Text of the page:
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Let Them All Talk
a.k.a. The Fall of 2019|
Review by Rich Cline |
dir Steven Soderbergh
scr Deborah Eisenberg
prd Gregory Jacobs
with Meryl Streep, Candice Bergen, Dianne Wiest, Gemma Chan, Lucas Hedges, Dan Algrant, John Douglas Thompson, Christopher Fitzgerald, Elna Baker, David Siegel, Al Gwilt, Mike Doyle
release US 10.Dec.20
20/US Warners 1h53
Is it streaming?
With a screenplay that allowed the actors to improvise their dialog, Steven Soderbergh shot this film in an offhanded documentary style during a cruise on the Queen Mary 2. The intimate photography and intriguing setting are enticing, and the farcical story structure allows its starry cast to deliver relaxed, surprisingly complex performances. The pacing meanders a bit, but there are layers of wit and emotion running through each scene.
In New York, famed author Alice (Streep) is struggling to write her next book, fending off pressure from her agent Karen (Chan). When she wins a prestigious prize, she refuses to fly to Britain to collect it. But she agrees to take a cruise if she can bring her nephew Tyler (Hedges) and estranged university pals Susan and Roberta (Wiest and Bergen). They catch up over dinner, while Alice hides during the day to work on her novel and acceptance speech. Meanwhile, Karen is secretly on-board, asking Tyler to get information about the new book.
The loose and unstructured approach allows each characters to take his or her own journey. Tyler is caught in the middle, hoping to generate a spark with Karen, while being a sounding board for these three grand dames. He encourages Alice in her work, helps Roberta vet potential male partners and encourages Susan to stop hiding her true self. And Alice more than notices that bestselling thriller novelist Kelvin (Algrant) is also on-board.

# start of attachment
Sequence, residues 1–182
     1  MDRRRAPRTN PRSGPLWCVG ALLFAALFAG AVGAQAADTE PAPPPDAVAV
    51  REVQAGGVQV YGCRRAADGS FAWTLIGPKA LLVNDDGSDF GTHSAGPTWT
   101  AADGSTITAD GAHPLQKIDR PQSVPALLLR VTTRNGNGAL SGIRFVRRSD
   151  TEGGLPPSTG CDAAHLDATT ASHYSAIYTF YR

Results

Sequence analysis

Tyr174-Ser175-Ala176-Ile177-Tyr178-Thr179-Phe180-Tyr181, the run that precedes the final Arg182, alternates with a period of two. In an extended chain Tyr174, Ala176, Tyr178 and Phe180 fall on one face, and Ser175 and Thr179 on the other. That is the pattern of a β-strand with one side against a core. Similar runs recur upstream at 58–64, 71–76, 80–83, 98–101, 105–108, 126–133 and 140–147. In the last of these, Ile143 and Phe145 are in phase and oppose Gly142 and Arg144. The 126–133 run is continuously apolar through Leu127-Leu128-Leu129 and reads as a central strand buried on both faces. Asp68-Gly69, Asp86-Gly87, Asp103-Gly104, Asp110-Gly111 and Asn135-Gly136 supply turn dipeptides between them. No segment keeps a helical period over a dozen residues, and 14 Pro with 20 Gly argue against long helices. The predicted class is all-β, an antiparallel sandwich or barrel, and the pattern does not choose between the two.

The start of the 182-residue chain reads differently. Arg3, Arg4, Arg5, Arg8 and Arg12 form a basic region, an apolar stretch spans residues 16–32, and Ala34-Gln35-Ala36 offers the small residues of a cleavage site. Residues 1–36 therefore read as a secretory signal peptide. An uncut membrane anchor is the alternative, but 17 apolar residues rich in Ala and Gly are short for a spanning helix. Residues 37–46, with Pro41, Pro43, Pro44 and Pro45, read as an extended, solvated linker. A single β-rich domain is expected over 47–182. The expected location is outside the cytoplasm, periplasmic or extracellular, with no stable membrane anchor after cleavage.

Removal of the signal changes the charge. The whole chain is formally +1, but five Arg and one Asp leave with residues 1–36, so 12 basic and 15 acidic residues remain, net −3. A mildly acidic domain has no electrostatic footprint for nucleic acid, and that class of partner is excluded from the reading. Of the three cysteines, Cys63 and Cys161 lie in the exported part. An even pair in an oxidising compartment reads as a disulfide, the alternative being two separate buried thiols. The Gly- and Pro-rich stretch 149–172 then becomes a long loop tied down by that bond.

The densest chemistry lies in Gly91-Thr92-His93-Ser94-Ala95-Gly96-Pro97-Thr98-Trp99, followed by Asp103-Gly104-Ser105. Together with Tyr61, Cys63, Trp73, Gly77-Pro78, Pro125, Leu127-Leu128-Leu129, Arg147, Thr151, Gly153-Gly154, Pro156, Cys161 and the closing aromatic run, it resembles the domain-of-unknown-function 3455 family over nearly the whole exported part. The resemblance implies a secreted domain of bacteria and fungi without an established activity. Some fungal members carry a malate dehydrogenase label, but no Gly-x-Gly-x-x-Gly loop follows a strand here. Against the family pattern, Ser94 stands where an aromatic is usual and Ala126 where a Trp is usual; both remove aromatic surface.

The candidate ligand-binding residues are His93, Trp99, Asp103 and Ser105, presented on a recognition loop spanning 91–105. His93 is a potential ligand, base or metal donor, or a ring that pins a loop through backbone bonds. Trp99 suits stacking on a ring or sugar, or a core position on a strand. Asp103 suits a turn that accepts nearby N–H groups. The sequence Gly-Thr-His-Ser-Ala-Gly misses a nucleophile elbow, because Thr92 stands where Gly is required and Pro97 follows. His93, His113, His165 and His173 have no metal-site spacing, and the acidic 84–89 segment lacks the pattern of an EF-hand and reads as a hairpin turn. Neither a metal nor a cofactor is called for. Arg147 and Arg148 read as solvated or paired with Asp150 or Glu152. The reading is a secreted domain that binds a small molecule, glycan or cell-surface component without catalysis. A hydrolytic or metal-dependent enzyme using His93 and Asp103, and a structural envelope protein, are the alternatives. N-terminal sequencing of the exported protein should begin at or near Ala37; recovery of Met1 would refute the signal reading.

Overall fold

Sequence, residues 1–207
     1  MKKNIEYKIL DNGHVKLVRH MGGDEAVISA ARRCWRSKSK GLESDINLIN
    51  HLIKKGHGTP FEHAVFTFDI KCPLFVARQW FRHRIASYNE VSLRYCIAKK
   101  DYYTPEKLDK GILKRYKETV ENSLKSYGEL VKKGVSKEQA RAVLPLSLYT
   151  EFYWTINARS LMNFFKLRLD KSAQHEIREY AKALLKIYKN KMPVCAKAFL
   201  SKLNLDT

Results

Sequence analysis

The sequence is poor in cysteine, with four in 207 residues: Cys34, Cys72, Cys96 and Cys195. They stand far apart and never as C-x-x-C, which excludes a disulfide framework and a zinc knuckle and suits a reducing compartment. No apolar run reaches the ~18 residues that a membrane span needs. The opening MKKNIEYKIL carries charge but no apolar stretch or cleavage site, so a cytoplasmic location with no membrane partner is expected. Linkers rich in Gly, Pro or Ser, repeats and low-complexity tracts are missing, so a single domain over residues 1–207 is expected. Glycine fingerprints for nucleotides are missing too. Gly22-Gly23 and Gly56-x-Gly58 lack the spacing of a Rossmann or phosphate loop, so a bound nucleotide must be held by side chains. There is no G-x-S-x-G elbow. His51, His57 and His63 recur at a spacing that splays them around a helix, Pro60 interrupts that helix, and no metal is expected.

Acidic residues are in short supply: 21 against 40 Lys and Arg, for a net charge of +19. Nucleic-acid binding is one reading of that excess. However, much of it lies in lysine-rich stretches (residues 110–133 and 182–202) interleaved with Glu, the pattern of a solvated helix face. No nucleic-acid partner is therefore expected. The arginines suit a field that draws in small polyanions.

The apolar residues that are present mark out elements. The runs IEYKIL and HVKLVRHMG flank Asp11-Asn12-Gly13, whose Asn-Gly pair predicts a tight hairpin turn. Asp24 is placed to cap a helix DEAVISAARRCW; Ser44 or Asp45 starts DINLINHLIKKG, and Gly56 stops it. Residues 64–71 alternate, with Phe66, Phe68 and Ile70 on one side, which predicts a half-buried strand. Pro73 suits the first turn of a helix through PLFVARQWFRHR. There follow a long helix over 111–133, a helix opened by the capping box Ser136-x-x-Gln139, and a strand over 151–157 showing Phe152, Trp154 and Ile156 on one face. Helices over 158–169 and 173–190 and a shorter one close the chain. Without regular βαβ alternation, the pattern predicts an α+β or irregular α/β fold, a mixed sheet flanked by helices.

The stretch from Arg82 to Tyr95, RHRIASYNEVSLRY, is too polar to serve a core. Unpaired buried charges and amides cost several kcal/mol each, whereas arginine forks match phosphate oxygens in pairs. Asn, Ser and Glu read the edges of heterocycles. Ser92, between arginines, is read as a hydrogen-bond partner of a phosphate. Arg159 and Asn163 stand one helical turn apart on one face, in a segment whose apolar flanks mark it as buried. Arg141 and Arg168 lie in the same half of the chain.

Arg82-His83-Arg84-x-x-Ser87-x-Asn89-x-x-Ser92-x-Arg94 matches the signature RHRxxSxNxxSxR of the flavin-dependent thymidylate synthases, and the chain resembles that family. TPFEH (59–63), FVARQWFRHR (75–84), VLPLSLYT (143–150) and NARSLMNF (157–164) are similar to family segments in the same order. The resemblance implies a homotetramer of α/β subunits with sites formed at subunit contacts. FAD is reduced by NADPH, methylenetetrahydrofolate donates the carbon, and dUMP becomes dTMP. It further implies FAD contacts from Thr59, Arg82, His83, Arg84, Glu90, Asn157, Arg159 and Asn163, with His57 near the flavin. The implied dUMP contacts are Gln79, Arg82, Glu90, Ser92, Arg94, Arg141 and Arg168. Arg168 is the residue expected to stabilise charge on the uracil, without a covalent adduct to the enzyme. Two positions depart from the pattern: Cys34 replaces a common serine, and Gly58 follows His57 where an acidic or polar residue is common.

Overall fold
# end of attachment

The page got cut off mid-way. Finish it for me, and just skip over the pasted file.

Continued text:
The characters are likeable and intriguing. Streep adds mystery to Alice, a pretentious woman with unexpressed insecurities. Bergen is terrific as a woman who hates her department store job and holds a grudge against Alice for basing a book on her. Wiest uses her impeccable comic timing as the soft-spoken Susan. While Chan captures this young professional who has put her career on the line with this crazy plan. And the superbly natural Hedges holds the film together, cycling between the women as a catalyst and sounding board.
As the story gently sails along on its way to a couple of surprises, it touches on big themes that have strong resonance. In addition to exploring the nature of writing fiction, there are telling insights into the ways we connect with each other in a variety of situations, including the impact of lingering feelings over the years, even for old friends who have put thousands of miles between them. Each person is grappling with feelings of regret and resentment, and their interaction finds knowing insight in wonderfully jagged conversations.
R E A D E R R E V I E W SStill waiting for your comments ... don't be shy.
© 2020 by Rich Cline, Shadows on the Wall
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